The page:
or what they call a plunging breaker.
It would certainly still be deadly, however.
And that's where we get to the real and obvious drama
of the picture.
Nature is large, and we are small.
This juxtaposition can be seen in the art of many cultures
at many different times.
But we have perhaps never seen it played out more clearly
and more distinctly than here.
Traditional Japanese landscapes of the time
put the viewer at a remove from the action.
But here, we are right up against this pending disaster.
Hokusai's contrast of near and far, and man made and natural,
heighten the tension and place us inside the narrative.
When Debussy composed "La Mer" in 1903,
he drew on his own childhood experience
of surviving a terrifying storm on a fishing boat,
as well as paintings by JMW Turner and Hokusai's print,
which he selected for the score's cover.
The image later illustrated a 1948 Pearl Buck novel
that tells the story of a young boy
from a Japanese fishing village who
loses his family to a tidal wave,
a post-World War II story of grief, but also resilience.
It's an image mobilized when disaster strikes,
as it was after the devastating 2011 earthquake and tsunami
off the eastern coast of Japan.
Scientists and empirical evidence
tell us that global average temperatures are rising,
with extreme weather events becoming
more frequent and more intense.
While the sea has always been a formidable opponent
for human kind and The Great Wave a useful illustration
for that relationship, its relevance
is likely to become even stronger.
But, of course, the image can be interpreted
in many different and less specific ways,
symbolizing a great many imbalance of power.
We don't know if our fishermen are going
to make it out of there alive.
It's a cliffhanger.
Even if you don't register the boats or Mount Fuji
and see the wave alone in its detached, emoji state,
it still holds us in and tells us quite forcefully
that big things are happening or are about to happen.
Unlike the GoPro views of surfers tunneling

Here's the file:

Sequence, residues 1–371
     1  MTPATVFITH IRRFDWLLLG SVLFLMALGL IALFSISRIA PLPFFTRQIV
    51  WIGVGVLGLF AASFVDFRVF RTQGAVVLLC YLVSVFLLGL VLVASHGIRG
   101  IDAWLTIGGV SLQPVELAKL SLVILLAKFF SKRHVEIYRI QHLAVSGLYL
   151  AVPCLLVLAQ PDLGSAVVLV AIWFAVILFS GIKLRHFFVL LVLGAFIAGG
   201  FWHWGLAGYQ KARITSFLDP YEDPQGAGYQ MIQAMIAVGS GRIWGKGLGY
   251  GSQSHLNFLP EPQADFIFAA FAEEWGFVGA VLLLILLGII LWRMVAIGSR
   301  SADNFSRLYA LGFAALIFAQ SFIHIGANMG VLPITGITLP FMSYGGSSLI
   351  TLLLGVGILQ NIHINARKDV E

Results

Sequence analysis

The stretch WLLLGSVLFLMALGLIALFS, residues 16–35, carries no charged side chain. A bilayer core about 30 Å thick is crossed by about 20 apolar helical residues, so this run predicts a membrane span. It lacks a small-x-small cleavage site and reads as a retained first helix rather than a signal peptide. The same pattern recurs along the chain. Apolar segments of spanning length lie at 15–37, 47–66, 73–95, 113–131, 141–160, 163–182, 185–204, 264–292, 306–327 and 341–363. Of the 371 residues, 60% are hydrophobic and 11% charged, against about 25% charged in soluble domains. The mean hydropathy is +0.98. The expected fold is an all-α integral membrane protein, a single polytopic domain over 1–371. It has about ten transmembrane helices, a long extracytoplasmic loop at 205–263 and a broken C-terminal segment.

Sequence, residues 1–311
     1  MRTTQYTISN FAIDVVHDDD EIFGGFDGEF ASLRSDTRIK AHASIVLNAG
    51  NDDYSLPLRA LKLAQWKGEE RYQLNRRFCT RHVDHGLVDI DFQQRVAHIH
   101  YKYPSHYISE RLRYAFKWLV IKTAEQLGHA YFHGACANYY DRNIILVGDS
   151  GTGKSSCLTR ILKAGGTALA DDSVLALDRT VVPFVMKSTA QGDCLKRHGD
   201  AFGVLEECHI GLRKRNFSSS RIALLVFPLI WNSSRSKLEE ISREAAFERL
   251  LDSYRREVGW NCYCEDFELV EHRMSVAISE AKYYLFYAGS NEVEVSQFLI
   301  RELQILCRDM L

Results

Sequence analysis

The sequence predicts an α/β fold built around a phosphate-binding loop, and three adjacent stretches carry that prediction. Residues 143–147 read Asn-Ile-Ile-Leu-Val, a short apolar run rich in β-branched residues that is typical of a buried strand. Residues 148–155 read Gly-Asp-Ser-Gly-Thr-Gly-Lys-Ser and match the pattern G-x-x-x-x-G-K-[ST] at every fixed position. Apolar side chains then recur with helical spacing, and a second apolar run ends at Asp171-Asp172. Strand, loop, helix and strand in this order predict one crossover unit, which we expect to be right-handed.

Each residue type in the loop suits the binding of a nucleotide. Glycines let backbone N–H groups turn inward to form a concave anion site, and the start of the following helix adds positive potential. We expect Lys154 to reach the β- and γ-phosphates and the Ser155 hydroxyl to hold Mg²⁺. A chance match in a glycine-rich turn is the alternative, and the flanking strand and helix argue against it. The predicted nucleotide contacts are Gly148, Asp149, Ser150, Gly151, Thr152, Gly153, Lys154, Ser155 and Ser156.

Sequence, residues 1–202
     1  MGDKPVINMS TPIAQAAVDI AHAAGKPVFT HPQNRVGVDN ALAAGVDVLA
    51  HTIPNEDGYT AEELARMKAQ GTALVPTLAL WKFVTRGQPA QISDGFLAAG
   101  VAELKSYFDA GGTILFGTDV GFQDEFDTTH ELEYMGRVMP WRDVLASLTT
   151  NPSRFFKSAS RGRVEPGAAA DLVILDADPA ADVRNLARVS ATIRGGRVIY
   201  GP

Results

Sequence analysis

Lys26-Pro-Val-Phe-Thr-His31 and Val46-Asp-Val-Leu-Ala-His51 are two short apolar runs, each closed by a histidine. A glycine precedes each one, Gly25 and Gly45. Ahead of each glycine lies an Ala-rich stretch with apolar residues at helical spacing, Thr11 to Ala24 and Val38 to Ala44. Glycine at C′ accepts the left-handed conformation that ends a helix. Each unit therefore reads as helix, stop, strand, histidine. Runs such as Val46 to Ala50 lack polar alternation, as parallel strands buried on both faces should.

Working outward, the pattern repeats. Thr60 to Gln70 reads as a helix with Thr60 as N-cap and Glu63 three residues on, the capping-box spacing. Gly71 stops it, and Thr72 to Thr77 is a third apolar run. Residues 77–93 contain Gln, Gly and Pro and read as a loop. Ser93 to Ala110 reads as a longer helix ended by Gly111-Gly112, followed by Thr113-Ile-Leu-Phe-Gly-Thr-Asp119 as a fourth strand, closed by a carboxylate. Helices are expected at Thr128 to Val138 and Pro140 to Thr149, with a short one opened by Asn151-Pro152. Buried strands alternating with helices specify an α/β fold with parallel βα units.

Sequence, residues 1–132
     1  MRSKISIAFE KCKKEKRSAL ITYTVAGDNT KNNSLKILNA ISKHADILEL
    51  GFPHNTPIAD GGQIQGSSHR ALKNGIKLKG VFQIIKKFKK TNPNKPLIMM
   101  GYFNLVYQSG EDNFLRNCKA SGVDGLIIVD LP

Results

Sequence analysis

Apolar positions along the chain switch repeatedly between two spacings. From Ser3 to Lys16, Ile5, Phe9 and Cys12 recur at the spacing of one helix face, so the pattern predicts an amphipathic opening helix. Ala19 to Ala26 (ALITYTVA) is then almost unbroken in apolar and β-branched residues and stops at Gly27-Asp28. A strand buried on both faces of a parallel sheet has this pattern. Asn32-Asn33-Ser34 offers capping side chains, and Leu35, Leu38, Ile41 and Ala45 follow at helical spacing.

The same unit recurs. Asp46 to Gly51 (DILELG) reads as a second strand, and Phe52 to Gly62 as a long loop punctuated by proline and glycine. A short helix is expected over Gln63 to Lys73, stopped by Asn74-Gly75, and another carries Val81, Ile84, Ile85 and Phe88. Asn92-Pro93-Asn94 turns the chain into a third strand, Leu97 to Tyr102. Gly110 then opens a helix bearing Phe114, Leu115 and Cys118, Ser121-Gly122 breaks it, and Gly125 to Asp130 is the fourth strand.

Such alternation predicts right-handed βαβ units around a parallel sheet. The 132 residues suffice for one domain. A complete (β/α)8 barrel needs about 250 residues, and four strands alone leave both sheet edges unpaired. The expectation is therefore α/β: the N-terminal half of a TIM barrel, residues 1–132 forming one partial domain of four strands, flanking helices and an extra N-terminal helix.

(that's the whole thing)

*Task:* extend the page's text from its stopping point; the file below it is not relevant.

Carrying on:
through barrel waves, The Great Wave's story
is not one of mastery over nature.
It's notably called The Great Wave
and not the heroic fishermen who survived the rogue wave.
Other artists have capitalized on the power and theatricality
of waves as subject matter, but rarely in such a way
that we marvel at the talents of the artist,
instead of the spectacular beauty of the wave itself.
What's more, this image was meant
to be reproduced, not sequestered in one museum,
where only a few have the privilege of witnessing it.
While there are certainly numerous crimes
against this image perpetrated across the internet,
the crisp, graphic quality of the original woodblock
prints make it friendlier fodder for duplication
and interpretation.
When most of us experience the ocean,
this is thankfully not how we usually see it.
It's an incredibly improbable view.
It's a film still or screen capture
in the most dynamic, unstable, and unpredictable
of environments.
But it has nevertheless become our favorite stand-in
for the ocean, a way to isolate some fraction
of the vastness that covers 70% of planet Earth.
It's an icon.
It's the ultimate, most wavelike of all waves.
But it's also an entire story told simply
and succinctly and masterfully.
Whatever your great wave is made of,
you are undoubtedly under it and always will be,
until you're not.
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I've been really enjoying Ana Victoria Calderon's Modern
Watercolor Techniques for Beginners.
She's based in Mexico City, is an amazing artist,
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Better Know the Great Wave

476 Folder Collection
Jill Lin published on April 12, 2019